The first step in the SQL solution, therefore, involves adding two fields to the FamilyInfo table as shown in Table 3 — one field called IncidenceType and another called IncidenceCount. One of the central tenets of database applications is that all of the information about the problem has to be stored in the tables. If you want to use SQL to manage your data, then you’re not allowed to store “facts” about the data in VBA code that operates on the data. Among other things, putting all your data in tables makes it considerably easier to report on your data.

Table 3. The revised FamilyInfo table.

Field name Field type and length Primary key?
FamlyId Text-25 Yes
Source Text-50 No
Proband Text-25 No
IncidenceCount Single No
IncidenceType Text-5 No

With someplace to store the data, I could go on to fill those fields with the appropriate values. The first thing that I wanted to do was to count the number of different diseases in a family and use that to update the IncidenceCount field. Getting that count turned out to be a bit of a problem.

The PatientInfo table had both family and diagnosis information, but a query on the PatientInfo table can’t count the number of diseases in a family. This query (qryCountFamilyRecords), for instance, counts the number of records for each family:

However, the result of that query doesn’t tell you whether the family has several different diseases or just one disease several times. In fact, it doesn’t even give you a count of just the patients with a disease. To eliminate those patients with a clean bill of health, I’d have to add a Where clause that filters out all the patients with a diagnosis (qryCountFamilyWithDiagnosisRecords):

Check out the sidebar “Where vs. Having” for a discussion of the role of the Where clause in Total queries.

What I needed was a table that listed each family once for each different diagnosis in the family. The following query, based on the PatientInfo table, does just that. It finds all of the Family and Diagnosis combinations and uses the Distinct operator to eliminate duplicate rows. It also uses a Where clause on the diagnosis field to select only those family members with a disease:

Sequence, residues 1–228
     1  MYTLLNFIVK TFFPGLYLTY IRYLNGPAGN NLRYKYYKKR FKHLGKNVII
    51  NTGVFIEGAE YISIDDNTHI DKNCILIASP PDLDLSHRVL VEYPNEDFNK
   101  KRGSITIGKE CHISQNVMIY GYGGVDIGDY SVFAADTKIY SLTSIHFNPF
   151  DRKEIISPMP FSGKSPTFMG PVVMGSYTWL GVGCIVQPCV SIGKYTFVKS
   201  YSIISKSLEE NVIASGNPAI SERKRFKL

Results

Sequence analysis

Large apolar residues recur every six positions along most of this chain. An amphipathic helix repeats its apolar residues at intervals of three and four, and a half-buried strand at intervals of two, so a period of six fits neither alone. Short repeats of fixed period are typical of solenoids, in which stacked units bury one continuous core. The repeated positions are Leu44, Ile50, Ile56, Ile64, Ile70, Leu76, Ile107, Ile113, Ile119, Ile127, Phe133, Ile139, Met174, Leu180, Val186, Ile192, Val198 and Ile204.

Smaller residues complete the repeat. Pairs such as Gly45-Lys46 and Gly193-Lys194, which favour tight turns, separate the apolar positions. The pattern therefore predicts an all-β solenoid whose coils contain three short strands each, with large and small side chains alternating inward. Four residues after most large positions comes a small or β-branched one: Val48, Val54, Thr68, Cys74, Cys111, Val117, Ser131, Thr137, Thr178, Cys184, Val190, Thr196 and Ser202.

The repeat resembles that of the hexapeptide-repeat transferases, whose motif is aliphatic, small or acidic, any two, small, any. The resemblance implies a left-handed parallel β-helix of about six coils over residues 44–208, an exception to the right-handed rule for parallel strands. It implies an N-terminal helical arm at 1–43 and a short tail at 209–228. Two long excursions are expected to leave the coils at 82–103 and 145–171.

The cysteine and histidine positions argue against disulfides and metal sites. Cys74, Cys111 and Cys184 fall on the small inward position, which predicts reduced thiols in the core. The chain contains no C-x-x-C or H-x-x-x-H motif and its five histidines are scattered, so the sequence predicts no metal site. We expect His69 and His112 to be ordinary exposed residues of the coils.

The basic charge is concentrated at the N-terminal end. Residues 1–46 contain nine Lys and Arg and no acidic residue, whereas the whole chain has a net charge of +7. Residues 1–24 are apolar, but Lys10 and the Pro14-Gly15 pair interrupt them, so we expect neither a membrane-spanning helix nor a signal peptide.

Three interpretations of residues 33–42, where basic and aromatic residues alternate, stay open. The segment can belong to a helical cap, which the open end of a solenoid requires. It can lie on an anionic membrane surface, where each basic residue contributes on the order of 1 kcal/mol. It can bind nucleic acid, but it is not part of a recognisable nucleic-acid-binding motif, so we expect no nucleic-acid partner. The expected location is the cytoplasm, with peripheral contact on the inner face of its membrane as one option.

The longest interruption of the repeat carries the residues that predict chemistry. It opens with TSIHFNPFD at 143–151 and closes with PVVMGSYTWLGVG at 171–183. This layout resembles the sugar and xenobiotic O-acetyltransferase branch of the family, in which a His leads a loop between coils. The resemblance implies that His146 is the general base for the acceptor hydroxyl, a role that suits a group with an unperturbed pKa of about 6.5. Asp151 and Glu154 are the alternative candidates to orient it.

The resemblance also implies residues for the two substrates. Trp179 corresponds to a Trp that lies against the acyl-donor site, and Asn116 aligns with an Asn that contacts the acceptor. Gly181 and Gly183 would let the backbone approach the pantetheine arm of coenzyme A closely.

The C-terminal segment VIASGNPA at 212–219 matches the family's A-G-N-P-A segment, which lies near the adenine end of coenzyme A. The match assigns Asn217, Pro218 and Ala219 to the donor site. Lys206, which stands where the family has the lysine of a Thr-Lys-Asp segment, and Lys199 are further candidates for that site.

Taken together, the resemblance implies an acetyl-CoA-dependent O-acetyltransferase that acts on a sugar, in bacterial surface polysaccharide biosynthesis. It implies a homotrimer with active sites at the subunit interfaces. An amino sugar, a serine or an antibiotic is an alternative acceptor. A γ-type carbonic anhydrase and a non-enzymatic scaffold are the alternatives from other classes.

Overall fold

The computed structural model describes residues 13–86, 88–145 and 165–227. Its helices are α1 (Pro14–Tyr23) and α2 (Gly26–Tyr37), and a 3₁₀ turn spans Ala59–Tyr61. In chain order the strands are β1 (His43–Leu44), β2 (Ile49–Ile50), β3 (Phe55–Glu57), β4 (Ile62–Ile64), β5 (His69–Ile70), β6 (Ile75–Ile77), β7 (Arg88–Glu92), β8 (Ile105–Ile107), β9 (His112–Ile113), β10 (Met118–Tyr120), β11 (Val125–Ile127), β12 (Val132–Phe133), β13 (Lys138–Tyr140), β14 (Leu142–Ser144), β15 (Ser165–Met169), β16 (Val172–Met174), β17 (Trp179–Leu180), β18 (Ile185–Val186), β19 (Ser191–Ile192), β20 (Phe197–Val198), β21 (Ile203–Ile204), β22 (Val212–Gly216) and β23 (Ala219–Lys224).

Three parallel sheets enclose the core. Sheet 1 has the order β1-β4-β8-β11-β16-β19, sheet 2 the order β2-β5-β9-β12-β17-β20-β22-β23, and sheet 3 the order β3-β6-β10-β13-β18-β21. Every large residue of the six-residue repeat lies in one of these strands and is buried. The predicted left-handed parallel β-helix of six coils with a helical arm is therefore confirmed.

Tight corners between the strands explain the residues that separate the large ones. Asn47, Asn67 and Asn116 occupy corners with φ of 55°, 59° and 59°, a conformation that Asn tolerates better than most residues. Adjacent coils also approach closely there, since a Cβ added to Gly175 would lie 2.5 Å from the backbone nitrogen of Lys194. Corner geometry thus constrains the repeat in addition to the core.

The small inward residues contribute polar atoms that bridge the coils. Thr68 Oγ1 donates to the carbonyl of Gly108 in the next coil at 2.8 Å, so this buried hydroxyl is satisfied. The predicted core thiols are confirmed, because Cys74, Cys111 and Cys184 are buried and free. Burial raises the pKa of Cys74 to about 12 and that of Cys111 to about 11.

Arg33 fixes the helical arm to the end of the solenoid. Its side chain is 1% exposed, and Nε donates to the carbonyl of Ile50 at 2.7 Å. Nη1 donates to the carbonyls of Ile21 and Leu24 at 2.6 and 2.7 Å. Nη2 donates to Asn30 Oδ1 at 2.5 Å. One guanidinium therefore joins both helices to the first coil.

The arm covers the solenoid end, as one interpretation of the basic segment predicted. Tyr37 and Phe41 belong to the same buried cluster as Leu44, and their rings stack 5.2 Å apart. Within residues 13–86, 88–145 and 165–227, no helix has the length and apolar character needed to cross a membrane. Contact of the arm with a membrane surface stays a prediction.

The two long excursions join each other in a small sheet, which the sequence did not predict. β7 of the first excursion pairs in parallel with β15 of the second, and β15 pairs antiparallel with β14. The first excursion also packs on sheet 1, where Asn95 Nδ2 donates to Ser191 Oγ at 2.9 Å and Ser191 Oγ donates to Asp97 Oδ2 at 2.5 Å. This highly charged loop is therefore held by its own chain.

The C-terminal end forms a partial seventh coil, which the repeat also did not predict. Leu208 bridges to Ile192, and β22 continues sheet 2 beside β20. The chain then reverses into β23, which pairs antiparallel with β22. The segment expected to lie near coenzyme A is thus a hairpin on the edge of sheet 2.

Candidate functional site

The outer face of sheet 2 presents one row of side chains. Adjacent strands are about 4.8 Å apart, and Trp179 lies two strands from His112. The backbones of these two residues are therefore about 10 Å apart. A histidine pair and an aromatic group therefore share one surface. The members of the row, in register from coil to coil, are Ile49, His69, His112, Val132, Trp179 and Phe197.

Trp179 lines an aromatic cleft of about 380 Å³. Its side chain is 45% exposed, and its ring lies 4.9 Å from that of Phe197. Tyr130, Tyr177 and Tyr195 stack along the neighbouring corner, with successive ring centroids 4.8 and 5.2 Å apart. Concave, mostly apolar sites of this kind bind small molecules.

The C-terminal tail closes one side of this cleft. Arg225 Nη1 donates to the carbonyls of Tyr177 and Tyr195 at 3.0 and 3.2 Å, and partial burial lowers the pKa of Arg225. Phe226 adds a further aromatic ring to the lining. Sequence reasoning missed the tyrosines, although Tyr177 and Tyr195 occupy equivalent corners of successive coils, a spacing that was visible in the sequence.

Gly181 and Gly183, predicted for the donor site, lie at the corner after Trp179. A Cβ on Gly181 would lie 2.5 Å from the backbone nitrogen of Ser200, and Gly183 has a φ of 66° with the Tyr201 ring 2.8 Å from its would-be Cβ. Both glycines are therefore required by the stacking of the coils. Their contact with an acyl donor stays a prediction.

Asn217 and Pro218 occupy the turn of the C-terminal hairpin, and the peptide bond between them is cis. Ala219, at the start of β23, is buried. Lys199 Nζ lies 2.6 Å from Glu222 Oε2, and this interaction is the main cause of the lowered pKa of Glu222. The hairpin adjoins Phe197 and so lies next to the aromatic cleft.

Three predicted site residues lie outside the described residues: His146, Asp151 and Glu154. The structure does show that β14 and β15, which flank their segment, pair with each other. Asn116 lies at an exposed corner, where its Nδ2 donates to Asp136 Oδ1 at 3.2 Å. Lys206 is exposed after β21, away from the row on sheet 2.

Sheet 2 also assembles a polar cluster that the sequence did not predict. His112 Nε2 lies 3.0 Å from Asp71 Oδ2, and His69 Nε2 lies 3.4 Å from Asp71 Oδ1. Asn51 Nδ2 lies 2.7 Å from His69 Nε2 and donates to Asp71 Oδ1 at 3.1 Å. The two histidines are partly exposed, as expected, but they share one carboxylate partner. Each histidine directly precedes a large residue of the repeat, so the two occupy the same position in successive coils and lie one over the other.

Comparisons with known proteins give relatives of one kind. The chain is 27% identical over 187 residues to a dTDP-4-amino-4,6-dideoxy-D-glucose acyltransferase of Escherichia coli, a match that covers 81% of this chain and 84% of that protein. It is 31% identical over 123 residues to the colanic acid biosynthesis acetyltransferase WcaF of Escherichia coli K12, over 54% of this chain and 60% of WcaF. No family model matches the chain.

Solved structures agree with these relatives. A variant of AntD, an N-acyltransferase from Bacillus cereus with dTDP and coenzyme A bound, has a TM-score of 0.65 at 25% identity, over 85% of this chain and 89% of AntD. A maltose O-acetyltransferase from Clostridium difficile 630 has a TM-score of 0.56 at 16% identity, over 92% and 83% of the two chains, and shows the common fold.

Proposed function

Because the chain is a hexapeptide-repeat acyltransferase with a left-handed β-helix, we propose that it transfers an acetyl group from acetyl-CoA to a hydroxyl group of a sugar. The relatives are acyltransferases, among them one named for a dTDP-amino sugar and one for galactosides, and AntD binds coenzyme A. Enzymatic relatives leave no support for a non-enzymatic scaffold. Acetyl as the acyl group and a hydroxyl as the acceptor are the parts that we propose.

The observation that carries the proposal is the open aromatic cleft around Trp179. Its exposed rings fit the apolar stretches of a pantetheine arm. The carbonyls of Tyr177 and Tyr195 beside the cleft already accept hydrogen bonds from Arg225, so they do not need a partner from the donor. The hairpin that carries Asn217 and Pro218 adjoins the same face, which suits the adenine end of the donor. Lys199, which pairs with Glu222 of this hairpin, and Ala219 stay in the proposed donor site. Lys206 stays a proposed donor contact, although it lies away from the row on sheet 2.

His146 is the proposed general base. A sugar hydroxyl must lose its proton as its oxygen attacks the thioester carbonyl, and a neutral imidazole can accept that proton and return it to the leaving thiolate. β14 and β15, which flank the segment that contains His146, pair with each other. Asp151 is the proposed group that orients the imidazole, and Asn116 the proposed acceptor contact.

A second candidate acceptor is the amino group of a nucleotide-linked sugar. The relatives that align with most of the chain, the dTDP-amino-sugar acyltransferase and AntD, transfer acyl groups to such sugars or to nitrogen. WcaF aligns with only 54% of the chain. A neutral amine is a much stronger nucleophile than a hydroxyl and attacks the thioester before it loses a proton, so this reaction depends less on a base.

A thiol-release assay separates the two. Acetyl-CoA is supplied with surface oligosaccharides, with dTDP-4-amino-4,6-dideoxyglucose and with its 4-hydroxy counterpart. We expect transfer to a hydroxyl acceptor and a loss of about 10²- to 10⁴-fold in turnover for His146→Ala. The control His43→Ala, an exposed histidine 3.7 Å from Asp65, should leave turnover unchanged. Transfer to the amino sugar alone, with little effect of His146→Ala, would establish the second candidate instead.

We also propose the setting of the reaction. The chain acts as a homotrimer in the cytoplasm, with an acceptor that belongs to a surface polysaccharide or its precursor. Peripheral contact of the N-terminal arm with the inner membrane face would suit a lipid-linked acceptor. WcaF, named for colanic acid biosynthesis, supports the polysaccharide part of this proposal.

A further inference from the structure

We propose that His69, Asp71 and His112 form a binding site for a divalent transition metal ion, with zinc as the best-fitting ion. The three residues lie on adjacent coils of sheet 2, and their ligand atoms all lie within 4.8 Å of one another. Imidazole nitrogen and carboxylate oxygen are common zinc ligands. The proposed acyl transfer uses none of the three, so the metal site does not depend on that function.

I called this query qryCountDisease and stored it in the database. Since Access treats Select queries as if they were tables, this query effectively gave me the table that

I needed.

The next step was to create a query based on qryCountDisease that would count the number of records in qryCountDisease for a family. This query is a Totals query that groups on FamilyId and counts the number of diseases per FamilyId:

I called this query qryCountIncidence, and its sample output can be seen in Table 4.

Table 4. Sample results from qryCountIncidence.

FamilyId CountOfDiagnosis
Jones 1
Smith 4
Doe 2

It’s worthwhile to point out that this two-step query wouldn’t have been necessary if Access allowed you to specify the Distinct clause with the Count function. If Access did, I could have used a single query like this:

While this statement is valid in the ANSI SQL standard, it’s not supported in Access SQL.

Now that I had a query that returned the number of diseases for each family, I could use it to set the IncidenceCount field. Ideally, this would only involve creating an update query that joins the FamilyInfo table to the qryCountIncidence query in order to set the IncidenceCount field to the value of CountOfDiagnosis:

Unfortunately, Access rejects this query with the message “Operation must use an updateable query” (so I’ve called the query qryUpdateIncidenceCount-Fail in the sample database). The problem is probably that Access doesn’t realize that qryCountIncidence will only return a single record for each FamilyId. As a result, Access thinks that the join between FamilyInfo and qryCountIncidence is a one-to-many join and that I’m trying to update the “one” side of the join. This isn’t allowed (in fact, many databases won’t even allow you to update the “many” side).

The solution to this problem is trivial but annoying. I converted qryCountIncidence into a Make Table query that created a table called tblCountIncidence. This change is easy to do in the Access Query Design window, and the resulting SQL looks like this: